Bampton soon discovered the reason why Lois Gibson would authenticate the claimed Bob Ford/Jesse James tintype.  when he read another article written by Dr. Bruce Conforth, that also was published on Academia. In writing “A New Analysis of the Two Accepted Photos of Robert Johnson and the Alleged 3rd Photo,” Dr. Conforth lays out the story of the Johnson image, its discovery, and Gibson’s record of association with it. This article followed two previous publications by Conforth. “Another Robert Johnson Photo Debunked” documents Conforth’s disgruntlement with the fakery surrounding the Johnson image. “The Business of Robert Johnson Fakery” is another Conforth article published in Living Blues magazine.

To Mark Bampton, the Conforth’s story already was  a familiar one. Dr. Conforth’s story of the Johnson image reflected almost precisely the sad saga of the Bob Ford/Jesse James image as related in the James family’s rebuttal to Gibson’s authentication.

Linear forensics applied to claimed Robert Johnson image
Linear forensics applied to Lois Gibson claimed image of Robert Johnson

Very familiar to Mark Bampton was the linear forensics applied to the Johnson image, that appeared in Dr. Conforth’s treatise.

Bampton decided to apply his own forensic skills upon the assumptive Bob Ford/Jesse James image.

 “I intended to make my report factual and impartial although conclusions about the veracity of the authentication were largely inevitable.”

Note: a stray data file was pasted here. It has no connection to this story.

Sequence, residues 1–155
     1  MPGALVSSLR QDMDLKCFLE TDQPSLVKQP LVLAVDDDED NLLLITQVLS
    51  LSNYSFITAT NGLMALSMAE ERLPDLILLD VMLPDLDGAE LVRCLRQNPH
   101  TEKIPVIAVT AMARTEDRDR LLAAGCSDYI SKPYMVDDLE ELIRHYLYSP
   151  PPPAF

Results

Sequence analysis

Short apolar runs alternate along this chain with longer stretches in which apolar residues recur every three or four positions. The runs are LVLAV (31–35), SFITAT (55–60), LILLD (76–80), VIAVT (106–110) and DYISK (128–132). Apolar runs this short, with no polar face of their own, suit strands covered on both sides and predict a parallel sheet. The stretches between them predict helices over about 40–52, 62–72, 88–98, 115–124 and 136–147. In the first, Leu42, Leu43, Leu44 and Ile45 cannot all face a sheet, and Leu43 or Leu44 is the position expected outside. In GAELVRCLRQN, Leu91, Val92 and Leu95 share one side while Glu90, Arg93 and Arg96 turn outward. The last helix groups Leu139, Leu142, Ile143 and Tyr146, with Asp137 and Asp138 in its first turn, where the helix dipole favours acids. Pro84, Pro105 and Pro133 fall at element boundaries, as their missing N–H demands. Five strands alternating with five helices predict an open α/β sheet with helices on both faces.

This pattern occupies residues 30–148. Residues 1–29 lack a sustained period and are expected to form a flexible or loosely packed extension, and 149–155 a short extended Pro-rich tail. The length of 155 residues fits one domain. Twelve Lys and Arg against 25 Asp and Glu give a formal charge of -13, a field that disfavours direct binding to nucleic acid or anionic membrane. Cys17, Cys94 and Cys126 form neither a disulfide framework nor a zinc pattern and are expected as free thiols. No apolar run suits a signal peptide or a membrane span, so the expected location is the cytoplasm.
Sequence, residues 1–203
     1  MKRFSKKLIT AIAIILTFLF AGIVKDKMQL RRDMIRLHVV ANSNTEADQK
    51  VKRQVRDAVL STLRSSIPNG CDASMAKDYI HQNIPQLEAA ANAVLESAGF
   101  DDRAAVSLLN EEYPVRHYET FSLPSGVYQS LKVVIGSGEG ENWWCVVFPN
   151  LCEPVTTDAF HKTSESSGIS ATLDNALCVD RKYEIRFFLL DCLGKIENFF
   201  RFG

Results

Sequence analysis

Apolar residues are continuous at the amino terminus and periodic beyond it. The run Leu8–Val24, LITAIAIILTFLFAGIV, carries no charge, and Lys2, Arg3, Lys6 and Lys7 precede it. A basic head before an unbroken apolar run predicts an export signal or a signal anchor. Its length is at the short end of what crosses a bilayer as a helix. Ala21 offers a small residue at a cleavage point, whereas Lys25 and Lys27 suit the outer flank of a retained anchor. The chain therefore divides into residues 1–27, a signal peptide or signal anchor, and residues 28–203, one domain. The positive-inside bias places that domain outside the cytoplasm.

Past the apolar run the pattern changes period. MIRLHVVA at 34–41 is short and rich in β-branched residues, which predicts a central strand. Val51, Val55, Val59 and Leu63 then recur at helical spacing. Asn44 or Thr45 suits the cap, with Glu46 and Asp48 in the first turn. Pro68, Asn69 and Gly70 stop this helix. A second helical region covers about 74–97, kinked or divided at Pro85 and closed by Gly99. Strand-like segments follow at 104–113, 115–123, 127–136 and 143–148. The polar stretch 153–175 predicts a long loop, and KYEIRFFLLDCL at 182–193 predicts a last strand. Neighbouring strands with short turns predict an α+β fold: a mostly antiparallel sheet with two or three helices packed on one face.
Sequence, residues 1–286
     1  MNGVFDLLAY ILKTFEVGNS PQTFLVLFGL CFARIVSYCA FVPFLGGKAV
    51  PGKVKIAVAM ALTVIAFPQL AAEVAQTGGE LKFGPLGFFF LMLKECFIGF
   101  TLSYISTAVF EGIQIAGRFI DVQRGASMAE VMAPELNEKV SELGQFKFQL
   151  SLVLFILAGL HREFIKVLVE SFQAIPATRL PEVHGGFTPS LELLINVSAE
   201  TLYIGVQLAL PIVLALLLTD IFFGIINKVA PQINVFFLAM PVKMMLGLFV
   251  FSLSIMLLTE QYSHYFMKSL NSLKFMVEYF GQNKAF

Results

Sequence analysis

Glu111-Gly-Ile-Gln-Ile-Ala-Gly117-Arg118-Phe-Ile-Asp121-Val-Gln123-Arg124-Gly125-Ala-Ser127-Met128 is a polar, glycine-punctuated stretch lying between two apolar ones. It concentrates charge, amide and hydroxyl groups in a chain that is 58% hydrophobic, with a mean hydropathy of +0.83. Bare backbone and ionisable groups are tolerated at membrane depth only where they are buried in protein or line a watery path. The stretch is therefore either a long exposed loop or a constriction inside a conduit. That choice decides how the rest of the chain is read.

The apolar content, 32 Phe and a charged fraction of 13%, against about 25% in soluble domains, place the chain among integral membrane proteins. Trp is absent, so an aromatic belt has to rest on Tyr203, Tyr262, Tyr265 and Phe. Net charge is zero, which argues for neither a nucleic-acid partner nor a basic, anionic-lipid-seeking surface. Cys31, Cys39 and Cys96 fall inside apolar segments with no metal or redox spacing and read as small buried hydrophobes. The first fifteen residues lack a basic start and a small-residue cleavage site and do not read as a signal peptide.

Linear forensics applied to authentic image of Jesse James with a claimed image
Linear forensics applied by Mark Bampton to Lois Gibson’s alleged authentication of the claimed Jesse James image yields numerous discrepancies that are plainly visible.

Using several applications of linear forensics, now fully and clearly outlined in Mark Bampton’s documented report,  discrepancies proved to be multiple and evident. Not only were discrepancies revealed in the conjectural Jesse James image, they also became evident in Gibson’s uncertain Bob Ford image.

Linear forensics applied to authentic image of Bob Ford with a claimed image
Linear forensics applied by Mark Bampton to Lois Gibson’s alleged authentication of the claimed Bob Ford image yields plainly visible discrepancies.

“If this is correct, $40,250.00 is a lot to pay for a picture of two unknowns, even if it is an old tintype! Personally, I’d move the decimal place at least three places to the left.”

Mark Bampton registered shock when told by the James family that Sandy Mills’ tintype had sold at auction for $35,000, plus auction fees. The James family was informed of the sale by two regular attendees at Burley Auction Gallery events. The regulars stated that the prize bidder was not recognizable and was unknown locally.

The James family alleges that the fraud that is evident in Gibson’s hypothetical authentication may extend to the auction, too. Prior to the auction, Stray Leaves publisher, and Jesse James family biographer Eric F. James was contacted by the Houston Chronicle to schedule an interview following the auction. Given the very surprising outcome of the auction, this result should have made a gigantic news story, attracting worldwide attention. No historical image of Jesse James or the James family has ever sold for more than two thousand dollars. Eric F. James is perplexed that the Houston Chronicle did not follow through and interview him afterward as planned. Nor did the newspaper report on the auction outcome as it had planned. This was even more perplexing given the fact that Dylan Baddour of the Chronicle had broken the story initially about the pretentious tintype. Baddour previously also reported on Gibson’s alleged authentication of the Robert Johnson image.